The Difference Between Rock Plants and Alpines
The name ‘rock’ plants can be very deceiving, as some people have the completely wrong impression that you need a pile of large stones in order to grow these fascinating plants. Rock plants are simply any plant which is small in stature, making it suitable for growing in contained landscapes.
Alpines, on the other hand, are best thought of, in most cases, as the mountain relatives of many of the herbaceous perennials which we grow in the border of our gardens.
As such both are perfect for small beds and for growing in all sorts of containers. The great advantage, however, of alpines over most perennials is that most are evergreen and provide something of interest even in winter. Some also have an incredibly long flowering season, which stretches from spring until autumn. But there are also a huge number of them which providetoo in summer and autumn.
Most alpines, however, are at their best in spring, when they break out in a sudden rainbow of color.
Some alpines are true, mat-forming dwarfs, which hug the contours of the ground or creep over low walls. Others are large and surprisingly vigorous, so do check carefully on the anticipated size the plant is expected to reach when it is set out in your garden. Some species of a particular plant can be dainty while others can be relative giants. The problem is that alpines look so appealing in their small pots at the garden centre that it can be extremely difficult, without doing some prior homework, to avoid the invasive monsters, which need constant cutting back. There are alpines which are happiest when planted inand surrounded by grit, and others which thrive in the glacial scree. Some relish shade, while others like to grow on rock surfaces in full sun.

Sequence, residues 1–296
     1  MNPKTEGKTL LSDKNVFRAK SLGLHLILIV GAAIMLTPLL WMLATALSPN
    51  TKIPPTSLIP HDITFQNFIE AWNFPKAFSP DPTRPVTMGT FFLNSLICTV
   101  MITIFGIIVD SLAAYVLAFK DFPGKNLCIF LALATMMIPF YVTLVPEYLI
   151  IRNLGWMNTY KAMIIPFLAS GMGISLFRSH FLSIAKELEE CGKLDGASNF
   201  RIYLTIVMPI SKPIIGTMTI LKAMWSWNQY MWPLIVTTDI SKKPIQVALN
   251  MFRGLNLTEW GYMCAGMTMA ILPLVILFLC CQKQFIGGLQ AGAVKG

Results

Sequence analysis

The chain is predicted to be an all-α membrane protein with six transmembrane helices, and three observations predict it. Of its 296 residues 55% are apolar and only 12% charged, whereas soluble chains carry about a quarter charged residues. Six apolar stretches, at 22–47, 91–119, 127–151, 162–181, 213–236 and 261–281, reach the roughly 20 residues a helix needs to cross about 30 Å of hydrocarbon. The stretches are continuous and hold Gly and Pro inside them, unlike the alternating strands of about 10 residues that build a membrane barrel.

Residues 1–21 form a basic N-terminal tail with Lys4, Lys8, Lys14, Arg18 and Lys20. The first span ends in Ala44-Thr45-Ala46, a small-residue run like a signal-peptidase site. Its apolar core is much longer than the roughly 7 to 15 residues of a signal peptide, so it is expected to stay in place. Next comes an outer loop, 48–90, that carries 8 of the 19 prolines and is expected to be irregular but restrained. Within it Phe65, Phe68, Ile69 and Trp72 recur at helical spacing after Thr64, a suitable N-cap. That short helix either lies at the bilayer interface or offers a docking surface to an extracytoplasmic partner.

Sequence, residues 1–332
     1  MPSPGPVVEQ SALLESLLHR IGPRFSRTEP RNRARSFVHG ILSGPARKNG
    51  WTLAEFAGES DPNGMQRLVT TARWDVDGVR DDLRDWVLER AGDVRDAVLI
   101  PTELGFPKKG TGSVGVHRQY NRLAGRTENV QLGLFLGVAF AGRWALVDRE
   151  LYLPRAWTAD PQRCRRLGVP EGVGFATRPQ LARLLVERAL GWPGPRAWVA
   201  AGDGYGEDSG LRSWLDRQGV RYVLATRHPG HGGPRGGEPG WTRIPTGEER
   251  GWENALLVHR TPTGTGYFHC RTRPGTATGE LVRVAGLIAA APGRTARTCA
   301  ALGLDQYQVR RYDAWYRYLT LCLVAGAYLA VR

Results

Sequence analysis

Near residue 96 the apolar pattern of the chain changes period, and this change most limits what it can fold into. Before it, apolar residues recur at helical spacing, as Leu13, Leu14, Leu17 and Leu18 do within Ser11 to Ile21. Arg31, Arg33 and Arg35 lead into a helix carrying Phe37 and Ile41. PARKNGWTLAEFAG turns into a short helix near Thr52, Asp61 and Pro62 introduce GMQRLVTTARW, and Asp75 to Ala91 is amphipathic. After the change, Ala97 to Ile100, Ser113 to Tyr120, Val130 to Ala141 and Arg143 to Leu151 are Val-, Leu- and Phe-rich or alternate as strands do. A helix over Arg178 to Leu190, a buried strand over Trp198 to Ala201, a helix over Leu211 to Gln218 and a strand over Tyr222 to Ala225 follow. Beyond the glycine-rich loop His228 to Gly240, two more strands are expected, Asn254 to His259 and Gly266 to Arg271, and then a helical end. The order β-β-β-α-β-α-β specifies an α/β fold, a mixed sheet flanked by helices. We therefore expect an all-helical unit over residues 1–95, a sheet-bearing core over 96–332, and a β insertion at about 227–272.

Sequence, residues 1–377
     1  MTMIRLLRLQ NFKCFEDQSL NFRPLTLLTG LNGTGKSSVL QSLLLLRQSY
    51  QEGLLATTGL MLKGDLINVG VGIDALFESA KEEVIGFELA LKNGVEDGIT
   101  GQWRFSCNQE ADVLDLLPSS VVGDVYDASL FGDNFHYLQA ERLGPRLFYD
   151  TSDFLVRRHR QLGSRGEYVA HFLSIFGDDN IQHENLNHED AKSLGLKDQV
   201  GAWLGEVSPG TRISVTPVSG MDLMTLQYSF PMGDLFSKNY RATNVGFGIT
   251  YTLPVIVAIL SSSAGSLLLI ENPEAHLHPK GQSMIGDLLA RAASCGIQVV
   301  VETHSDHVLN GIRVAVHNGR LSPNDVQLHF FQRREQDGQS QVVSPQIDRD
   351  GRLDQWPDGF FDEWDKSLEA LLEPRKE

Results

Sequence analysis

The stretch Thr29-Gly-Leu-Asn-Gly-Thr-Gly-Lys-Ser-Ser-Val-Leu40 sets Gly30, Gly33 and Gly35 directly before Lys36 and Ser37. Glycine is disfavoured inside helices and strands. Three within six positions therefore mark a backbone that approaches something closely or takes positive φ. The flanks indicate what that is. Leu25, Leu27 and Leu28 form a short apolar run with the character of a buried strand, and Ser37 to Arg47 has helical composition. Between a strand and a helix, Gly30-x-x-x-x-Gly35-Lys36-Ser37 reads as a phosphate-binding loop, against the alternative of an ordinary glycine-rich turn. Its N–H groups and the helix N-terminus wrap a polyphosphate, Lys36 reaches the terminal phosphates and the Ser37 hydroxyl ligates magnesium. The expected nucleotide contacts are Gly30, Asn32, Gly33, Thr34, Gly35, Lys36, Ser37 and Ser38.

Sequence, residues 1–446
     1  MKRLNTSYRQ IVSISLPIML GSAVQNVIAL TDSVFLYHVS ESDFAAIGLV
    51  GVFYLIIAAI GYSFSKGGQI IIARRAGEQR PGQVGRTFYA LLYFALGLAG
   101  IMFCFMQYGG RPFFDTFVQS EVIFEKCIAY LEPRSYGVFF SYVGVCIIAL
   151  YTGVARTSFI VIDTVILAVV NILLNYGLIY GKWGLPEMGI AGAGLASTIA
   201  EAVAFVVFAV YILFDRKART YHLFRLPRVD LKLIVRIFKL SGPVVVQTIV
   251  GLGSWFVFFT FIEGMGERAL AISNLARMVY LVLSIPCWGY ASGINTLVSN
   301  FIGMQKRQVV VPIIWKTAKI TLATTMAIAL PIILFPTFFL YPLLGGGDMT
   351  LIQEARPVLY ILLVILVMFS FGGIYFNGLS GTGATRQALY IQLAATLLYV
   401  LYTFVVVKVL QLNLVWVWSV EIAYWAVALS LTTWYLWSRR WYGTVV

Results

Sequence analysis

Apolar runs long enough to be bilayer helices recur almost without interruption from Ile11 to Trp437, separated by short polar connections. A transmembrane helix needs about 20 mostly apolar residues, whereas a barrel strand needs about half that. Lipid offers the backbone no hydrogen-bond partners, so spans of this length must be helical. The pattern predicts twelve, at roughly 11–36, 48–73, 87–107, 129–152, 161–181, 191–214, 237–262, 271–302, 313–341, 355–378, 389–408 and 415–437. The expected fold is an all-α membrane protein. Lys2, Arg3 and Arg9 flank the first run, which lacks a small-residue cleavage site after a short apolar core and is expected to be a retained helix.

Alpines originate from an environment with extreme climatic changes — from the hot-midday sun of a mountain top to cold alpine nights. However, once planted in a gritty, free-draining loam compost and surrounded by even more of that soil, which keeps the roots cool in summer and protects the plants from the brutal winter wet, most alpines will be happy.
I also recommend them on their price. You can till a container with alpine or rock plants, which will last for years, for little more than the cost of buying some annuals for just one season.
Another advantage of alpine plants is that they need very little feeding apart from the occasional use of a general liquid fertiliser in spring, especially one of those which have a wide range of trace elements in addition to the usual nitrogen, phosphorus and potash. It is also their ability to go without regular watering which make the alpines such ideal candidates for modern gardens.
I would never be without my alpine or rock plants as they are among the prettiest plants to grow in the garden.